The Justice Ministry said Friday that a special probe into suspicious prisoner deaths between 1993 and 2002 has found evidence of abuse by guards in just two of the 1,566 cases under scrutiny.

The two cases involve fatal abuse of inmates at Nagoya Prison over the past two years — cases that came to light in the fall.

It was in the wake of those revelations that the ministry formed a special investigation team of five prosecutors and five ministry officials.

It launched the probe in April into all prisoner deaths from 1993 to 2002 other than executions.

While the ministry had reportedly acknowledged that “systematic and organizational” problems at prisons may have been behind the Nagoya cases, it effectively ruled that these cases were exceptional.

Seven former Nagoya Prison guards are currently on trial at the Nagoya District Court over the fatal abuse of two inmates in December 2001 and May 2002. The incidents came to light after another Nagoya Prison inmate was severely injured by guards in September.

According to internal ministry records disclosed earlier this year, at least five prisoners died after being bound in controversial leather restraining devices in padded cells, the same practice used in one of the Nagoya deaths.

The ministry’s final report, however, concludes that it is unlikely there is a causal link between the death of prisoners and the use of the handcuffs, selectively referring to opinions given by medical experts.

For instance, the report contains the conclusion that an inmate’s death at Osaka Prison in 1997 was not linked to the use of the restraining device, just because it took around a day before the inmate died after being restrained.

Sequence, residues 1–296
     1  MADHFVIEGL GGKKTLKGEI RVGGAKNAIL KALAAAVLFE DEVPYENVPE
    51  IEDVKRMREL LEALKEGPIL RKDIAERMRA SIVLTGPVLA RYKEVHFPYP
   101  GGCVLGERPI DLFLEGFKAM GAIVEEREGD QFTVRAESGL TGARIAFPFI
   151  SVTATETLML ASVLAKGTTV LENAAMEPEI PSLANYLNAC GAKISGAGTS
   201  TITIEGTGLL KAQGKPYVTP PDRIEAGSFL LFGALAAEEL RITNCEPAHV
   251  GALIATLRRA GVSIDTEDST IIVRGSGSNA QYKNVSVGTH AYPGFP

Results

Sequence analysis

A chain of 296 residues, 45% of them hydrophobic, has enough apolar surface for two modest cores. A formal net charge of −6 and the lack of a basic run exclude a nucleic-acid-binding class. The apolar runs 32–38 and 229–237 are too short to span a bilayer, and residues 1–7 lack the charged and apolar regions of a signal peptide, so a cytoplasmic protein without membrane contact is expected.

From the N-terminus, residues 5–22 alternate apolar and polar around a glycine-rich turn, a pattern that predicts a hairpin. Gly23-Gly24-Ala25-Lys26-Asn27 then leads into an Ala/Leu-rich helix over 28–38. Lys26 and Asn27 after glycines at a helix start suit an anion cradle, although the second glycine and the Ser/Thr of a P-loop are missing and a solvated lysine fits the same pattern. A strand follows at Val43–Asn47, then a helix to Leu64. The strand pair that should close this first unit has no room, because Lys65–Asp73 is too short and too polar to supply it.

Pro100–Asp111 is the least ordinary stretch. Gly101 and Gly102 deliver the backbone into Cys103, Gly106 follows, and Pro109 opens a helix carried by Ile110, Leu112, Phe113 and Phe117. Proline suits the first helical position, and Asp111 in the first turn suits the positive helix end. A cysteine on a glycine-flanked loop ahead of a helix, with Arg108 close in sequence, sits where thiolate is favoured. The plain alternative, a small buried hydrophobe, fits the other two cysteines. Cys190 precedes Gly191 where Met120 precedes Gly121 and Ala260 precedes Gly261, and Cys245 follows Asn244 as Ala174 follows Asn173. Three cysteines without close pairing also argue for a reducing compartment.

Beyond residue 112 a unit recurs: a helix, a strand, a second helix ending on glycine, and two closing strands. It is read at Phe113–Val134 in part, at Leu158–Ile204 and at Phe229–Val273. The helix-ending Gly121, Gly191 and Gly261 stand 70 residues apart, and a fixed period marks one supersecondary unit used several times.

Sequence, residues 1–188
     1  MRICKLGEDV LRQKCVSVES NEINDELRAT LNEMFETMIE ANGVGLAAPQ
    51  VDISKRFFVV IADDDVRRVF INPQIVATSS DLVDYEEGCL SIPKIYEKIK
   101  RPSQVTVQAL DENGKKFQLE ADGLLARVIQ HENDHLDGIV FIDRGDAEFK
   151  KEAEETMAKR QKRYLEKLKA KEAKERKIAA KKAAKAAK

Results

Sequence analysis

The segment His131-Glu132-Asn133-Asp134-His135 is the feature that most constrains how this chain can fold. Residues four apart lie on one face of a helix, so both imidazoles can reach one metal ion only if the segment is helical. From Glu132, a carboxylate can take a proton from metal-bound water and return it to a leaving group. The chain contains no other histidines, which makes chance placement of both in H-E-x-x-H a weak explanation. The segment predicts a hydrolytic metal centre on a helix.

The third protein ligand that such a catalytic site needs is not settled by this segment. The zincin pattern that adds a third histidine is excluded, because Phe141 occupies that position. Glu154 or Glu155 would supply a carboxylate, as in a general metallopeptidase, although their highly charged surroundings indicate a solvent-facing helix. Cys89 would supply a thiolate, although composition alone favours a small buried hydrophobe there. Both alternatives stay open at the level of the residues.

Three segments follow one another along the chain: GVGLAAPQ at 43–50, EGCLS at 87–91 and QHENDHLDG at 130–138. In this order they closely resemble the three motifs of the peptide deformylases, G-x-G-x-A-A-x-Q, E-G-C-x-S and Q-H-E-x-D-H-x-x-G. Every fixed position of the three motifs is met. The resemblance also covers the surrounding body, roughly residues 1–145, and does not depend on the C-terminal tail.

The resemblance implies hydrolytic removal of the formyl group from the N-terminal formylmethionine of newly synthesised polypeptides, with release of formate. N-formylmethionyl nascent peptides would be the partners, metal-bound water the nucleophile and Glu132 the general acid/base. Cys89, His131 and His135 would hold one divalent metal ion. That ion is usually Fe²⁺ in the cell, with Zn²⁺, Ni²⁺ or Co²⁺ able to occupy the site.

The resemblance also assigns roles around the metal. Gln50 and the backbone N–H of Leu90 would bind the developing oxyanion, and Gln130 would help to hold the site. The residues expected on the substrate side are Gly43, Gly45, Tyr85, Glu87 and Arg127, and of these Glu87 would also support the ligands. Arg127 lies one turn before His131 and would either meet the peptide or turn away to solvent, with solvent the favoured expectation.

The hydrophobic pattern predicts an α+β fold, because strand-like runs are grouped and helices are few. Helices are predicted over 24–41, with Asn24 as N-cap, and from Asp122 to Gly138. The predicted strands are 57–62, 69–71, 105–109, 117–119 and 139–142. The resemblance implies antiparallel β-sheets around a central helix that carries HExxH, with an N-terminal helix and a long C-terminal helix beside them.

But the report also denies that use of the leather device killed another inmate at Kyoto Prison in 1993 — although he died just 90 minutes after being restrained.

In another case, the report judges that a detainee at Kawagoe Juvenile Prison in 1995 died from choking on his own vomit soon after he was physically suppressed by guards and placed in the device.

But the report concludes that their actions and the death were not connected as the prisoner began vomiting “more than two or three minutes after the action of suppression.”

Meanwhile, the ministry filed a criminal complaint with the Hachioji branch of the Tokyo District Court on Friday, claiming that a guard at Fuchu Prison in Tokyo either discarded or lost portions of death records tied to nine deceased inmates at the prison. No specific suspect was named.

The ministry also determined that two prisoners may have died because of inappropriate medical treatment and reported these cases to the Supreme Public Prosecutor’s Office.

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